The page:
Could urban communities make their own electricity, and even sell surplus energy to their neighboring communities?
The South African Council for Scientific & Industrial Research (CSIR) has been pondering this question in a R20m pilot project involving the establishment of two standalone mini-grids that generate electricity from renewable energy resources in rural areas.
The project was launched by the CSIR and Shell Solar in 2002 to build a database for the development of a business model of commercially viable mini-grids in areas which do not have access to electricity from the national grid. That normally means rural areas, but in South Africa increasingly it could be anywhere.
Also known as hybrid-grids, mini-grids are based on harnessing renewable energy resources available in a specific area. These range from wind to solar and hydro energy, and biomass such as plant material that can be converted into liquid or gaseous forms of energy. Waste plant material and fuel wood are the most basic sources of biomass energy. But other forms include ethanol gel produced from certain crops and methane gas extracted from animal waste or landfills, which can be converted into electricity.
The DME pilot project was undertaken at Hluleka Nature Reserve on the Eastern Cape Wild Coast and at the nearby village of Lucingweni, both of which are not connected to the national grid.
Two small turbines and an array of photovoltaic (PV) panels to convert solar energy into electricity were installed at Hluleka to supply power to the nature reserve’s 12 bungalows and its administration office. Solar water heaters were installed together with liquid petroleum gas to provide supplementary heating and cooking energy.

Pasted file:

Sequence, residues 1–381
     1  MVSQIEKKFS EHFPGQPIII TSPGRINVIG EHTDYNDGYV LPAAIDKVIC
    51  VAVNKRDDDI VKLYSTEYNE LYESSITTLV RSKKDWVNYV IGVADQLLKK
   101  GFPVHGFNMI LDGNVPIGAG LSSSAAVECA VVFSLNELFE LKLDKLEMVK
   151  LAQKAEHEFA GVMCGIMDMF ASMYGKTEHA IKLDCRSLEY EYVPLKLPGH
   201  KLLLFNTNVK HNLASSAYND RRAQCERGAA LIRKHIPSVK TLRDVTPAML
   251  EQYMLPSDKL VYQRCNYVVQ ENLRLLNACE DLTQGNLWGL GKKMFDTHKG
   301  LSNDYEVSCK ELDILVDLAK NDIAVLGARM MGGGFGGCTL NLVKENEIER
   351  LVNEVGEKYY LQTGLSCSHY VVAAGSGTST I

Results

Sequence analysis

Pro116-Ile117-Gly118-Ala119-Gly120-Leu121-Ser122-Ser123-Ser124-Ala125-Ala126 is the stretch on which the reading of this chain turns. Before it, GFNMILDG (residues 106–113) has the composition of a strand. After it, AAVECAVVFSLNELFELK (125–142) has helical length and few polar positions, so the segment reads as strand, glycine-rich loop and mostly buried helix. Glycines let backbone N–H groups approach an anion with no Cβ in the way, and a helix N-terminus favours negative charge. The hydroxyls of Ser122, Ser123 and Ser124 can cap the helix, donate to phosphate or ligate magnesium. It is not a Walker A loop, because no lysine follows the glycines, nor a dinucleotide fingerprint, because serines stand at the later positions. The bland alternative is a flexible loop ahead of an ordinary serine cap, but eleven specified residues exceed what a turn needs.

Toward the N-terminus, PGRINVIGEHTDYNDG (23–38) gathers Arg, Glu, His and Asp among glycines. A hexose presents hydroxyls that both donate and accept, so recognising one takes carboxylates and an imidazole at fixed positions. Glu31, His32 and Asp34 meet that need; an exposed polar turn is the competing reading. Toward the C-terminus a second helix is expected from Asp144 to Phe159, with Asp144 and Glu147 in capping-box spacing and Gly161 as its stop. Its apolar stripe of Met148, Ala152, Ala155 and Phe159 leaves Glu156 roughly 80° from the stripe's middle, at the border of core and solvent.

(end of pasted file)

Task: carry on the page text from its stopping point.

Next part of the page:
At Lucingweni electricity was supplied to 220 households via six wind turbines and an array of PV panels. From a technical perspective the systems performed as designed, says Steve Szewczuk, research group leader for Rural Energy & Economic Development in the CSIR’s Built Environment division.
However, DME budgeted only for the installation of the systems. With no additional funding available for operating and maintaining the installations, they gradually fell into disuse.
The DME is now considering a report drawn up by independent consultants who have analysed the outcomes of the projects to make an assessment on whether they could be replicated elsewhere on a commercially viable basis.
Meanwhile, with Eskom’s coal-based electricity price rising sharply and amid fears of power shortages for the next five to seven years, the CSIR has been looking at the possibility of extending the mini-grid concept to urban areas where they can be used to supplement power from the national grid. The concept is known as a distributed or decentralised electricity generation system.
As renewable energy technologies improve and their usage makes them more affordable through economies of mass production, says Szewczuk, it is conceivable that gated communities, large office parks or whole suburbs could develop onsite electricity. They could do this mainly through the use of various forms of solar energy and conversion of waste material into biogas, but other emerging technologies could also come into play.
The CSIR, together with Eskom and the DME, is creating an off-grid electrification planning tool that could be used to develop business models for the implementation of mini-grids for rural areas. It is conceivable that such a planning tool could be extended to urban areas, says Szewczuk.
Work already done includes refining a US developed software package known as Homer, which incorporates a Geographic Information System (GIS), to help developers to configure the most optimal use of renewable energy sources in a given area. The CSIR has incorporated a wide range of SA data into the package so that it can be applied in this country.
Much discussion is taking place on what should happen next. But Szewczuk says the ideal outcome would be a pilot project that could demonstrate the usage of appropriate technologies in an urban environment.
Communities in developed countries are already showing what can be achieved. The German town of Freiamt, with a population of 4300, is generating much of its electricity through a combination of wind turbines, rooftop PV panels, small-scale hydro power, and biogas.
The little Black Forest town even produces electricity surpluses, which it sells to the national grid. The Danish island of Samsoe is producing most of its electricity from wind turbines.
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